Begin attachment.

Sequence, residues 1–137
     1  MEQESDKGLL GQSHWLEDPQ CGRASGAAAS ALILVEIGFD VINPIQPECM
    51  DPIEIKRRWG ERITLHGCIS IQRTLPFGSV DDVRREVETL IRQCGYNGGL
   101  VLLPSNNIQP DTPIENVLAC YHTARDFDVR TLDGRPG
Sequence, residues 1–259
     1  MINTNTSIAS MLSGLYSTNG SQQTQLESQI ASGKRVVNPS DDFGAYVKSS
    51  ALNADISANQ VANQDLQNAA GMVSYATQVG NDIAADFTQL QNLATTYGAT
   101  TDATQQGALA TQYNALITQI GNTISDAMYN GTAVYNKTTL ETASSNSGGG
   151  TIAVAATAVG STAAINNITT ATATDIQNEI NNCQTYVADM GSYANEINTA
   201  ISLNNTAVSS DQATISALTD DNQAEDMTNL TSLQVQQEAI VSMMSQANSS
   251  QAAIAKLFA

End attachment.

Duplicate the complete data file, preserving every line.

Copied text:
Sequence, residues 1–137
     1  MEQESDKGLL GQSHWLEDPQ CGRASGAAAS ALILVEIGFD VINPIQPECM
    51  DPIEIKRRWG ERITLHGCIS IQRTLPFGSV DDVRREVETL IRQCGYNGGL
   101  VLLPSNNIQP DTPIENVLAC YHTARDFDVR TLDGRPG
Sequence, residues 1–259
     1  MINTNTSIAS MLSGLYSTNG SQQTQLESQI ASGKRVVNPS DDFGAYVKSS
    51  ALNADISANQ VANQDLQNAA GMVSYATQVG NDIAADFTQL QNLATTYGAT
   101  TDATQQGALA TQYNALITQI GNTISDAMYN GTAVYNKTTL ETASSNSGGG
   151  TIAVAATAVG STAAINNITT ATATDIQNEI NNCQTYVADM GSYANEINTA
   201  ISLNNTAVSS DQATISALTD DNQAEDMTNL TSLQVQQEAI VSMMSQANSS
   251  QAAIAKLFA